The data is made available to a wider audience, which is accessible from multiple locations from around the world. The higher level of security that the technology has makes the data secured and trustworthy. Moreover, this technology can be made for a private environment too where the data will be accessible only to the limited persons, having access to it.
China is setting an example…
China is a frontrunner when it comes to grabbing opportunity to do something innovative using technology. Be it infrastructure development or a manufacturing unit, China is way ahead of other Asian countries on the technology front. Therefore, it goes without saying that the apparel retailers from China have started utilising the benefits of the blockchain technology. The recent example is the ‘Blockchain-based Clothing Authenticity Traceability System by Waltonchain (WTC). The project has been a joint collaboration between Waltonchain and Kaltendin, China’s leading high end clothing brand.
The idea applies RFID core technology to the smart management system for smart production, warehousing management and seamless shopping experience. The technology has helped the brand to handle its production from the start till the end. This is considered one of the most revolutionary applications of Big data and IoT in the apparel industry.
On the production side, the technology provides assistance starting from order receiving till the garment leaves for the warehouse. It starts with automatic data filling from production order, label printing, barcode printing, automatic print record storage, factory real time order receiving, conformation and amendments, automatically generating packaging reports. All the data is directly imported in blockchain and factory information is tracked in real time which improves the production efficiency.
In the warehouse, the technology starts with fast scanning of garment on arrival. The real time data storage of the information reduces errors and related costs associated with it. The recorded information updates the inventory in real time. The RFID system further helps the item to be quickly relocated for faster management and search.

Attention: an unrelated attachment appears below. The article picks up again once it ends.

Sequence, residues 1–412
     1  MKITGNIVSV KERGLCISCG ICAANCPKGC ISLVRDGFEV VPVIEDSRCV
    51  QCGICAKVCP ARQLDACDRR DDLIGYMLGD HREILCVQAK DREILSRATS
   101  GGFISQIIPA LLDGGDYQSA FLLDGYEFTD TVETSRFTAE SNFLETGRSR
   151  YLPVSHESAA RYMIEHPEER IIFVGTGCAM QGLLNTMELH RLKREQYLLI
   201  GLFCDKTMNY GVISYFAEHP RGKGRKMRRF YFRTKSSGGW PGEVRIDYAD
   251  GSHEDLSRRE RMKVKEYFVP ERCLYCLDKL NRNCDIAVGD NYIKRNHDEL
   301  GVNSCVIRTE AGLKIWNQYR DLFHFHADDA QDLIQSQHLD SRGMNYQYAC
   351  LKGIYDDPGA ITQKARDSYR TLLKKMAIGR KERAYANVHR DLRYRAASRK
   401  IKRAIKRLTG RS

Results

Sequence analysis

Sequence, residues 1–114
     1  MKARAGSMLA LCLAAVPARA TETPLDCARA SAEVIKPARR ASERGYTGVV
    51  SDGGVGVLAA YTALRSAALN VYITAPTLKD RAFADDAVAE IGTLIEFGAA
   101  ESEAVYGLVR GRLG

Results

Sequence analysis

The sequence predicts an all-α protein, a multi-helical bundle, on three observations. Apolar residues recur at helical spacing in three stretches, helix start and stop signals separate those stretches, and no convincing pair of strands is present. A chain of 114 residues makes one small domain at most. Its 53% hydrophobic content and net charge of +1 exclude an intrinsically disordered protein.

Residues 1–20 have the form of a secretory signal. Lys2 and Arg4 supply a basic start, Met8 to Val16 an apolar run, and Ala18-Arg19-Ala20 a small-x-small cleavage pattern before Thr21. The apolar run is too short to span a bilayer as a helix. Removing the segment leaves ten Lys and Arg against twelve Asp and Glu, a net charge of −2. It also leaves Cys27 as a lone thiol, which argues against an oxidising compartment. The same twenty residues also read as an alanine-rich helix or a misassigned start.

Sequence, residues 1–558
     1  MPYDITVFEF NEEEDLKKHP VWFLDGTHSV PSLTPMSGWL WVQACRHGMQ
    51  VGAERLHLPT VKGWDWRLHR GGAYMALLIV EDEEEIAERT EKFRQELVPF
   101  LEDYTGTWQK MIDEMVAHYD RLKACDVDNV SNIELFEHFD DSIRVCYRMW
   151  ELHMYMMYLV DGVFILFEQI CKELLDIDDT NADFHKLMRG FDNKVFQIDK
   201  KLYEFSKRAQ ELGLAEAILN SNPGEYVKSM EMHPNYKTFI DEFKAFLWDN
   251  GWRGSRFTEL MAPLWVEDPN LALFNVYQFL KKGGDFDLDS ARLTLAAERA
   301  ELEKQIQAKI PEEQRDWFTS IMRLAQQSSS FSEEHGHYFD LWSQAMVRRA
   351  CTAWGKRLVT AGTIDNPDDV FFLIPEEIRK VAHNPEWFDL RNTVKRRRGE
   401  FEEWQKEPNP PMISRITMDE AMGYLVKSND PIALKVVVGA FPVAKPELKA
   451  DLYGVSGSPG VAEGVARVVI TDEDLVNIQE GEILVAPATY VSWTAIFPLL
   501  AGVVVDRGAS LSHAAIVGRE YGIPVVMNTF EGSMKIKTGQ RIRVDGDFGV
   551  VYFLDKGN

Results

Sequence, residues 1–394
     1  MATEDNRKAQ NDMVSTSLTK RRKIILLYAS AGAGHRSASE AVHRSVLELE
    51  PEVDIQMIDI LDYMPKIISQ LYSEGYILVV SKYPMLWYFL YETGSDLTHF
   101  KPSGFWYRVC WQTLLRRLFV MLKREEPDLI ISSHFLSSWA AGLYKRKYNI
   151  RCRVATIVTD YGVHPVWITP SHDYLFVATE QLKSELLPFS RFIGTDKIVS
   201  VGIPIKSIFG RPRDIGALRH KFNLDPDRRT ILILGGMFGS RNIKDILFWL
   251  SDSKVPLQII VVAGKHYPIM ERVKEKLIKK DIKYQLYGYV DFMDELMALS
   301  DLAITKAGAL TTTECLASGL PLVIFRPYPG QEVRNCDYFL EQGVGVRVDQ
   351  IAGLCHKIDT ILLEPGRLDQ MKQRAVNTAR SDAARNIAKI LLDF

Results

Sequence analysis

Once the garment reaches the store, it can be automatically scanned for the number. In the store, the smart closet rack system uses a multimedia platform to display the clothing design concept ideas to simulate sales while reducing the number of shop assistant queries.
The smart fitting room automatically records the garment pick-up and try-on rate. It automatically generates the periodical statistical reports, conducts digital analysis of market demand, quickly fills orders and establishes a quick response high end clothing supply chain. The system automatically sends the merchandise report to the warehouse for automatic replenishment of the product, which further helps them to save the sales loss due to unavailability of the product.
The platform utilises blockchain to upload the apparel circulation information including the material, design, production and logistics. Customers can instantly check the garment material content, which satisfies the demand for sustainable production and gives them details of what is their product made of.
The use of such technology can therefore help the enterprises to improve development by endorsing quality products through blockchain. This is a one-stop solution catering to all the needs of the apparel industry starting from managing its manufacturing to delivering an excellent shopping experience to its customers. Besides, it helps the retailers in many ways by providing better transparency to solve retailing issues. In fact the most appropriate way of utilising this technology is transparency generation.
Today’s customers are more aware and advanced as they know about the unethical and environmentally harmful practices being conducted by their suppliers. So they want to be responsible customers who buy from responsible suppliers. They are cognizant about the fact that lack of transparency costs lives. It is impossible for companies to make sure that human rights are respected, working conditions are adequate and the environment is safeguarded without knowing where their products are made and that’s why transparency is essential.
Transparency alone is not enough to fix the industry’s problems; this is just the necessary first step towards a wider systemic change. Transparency throws further light on bigger issues hidden or subdued in the dark.